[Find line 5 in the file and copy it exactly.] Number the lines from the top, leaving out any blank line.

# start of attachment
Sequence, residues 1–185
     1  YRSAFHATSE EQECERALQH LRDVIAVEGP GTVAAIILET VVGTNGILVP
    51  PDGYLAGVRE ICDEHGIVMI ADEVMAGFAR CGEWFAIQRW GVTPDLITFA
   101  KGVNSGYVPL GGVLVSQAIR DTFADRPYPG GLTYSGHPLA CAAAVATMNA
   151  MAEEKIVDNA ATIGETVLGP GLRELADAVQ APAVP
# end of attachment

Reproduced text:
   151  MAEEKIVDNA ATIGETVLGP GLRELADAVQ APAVP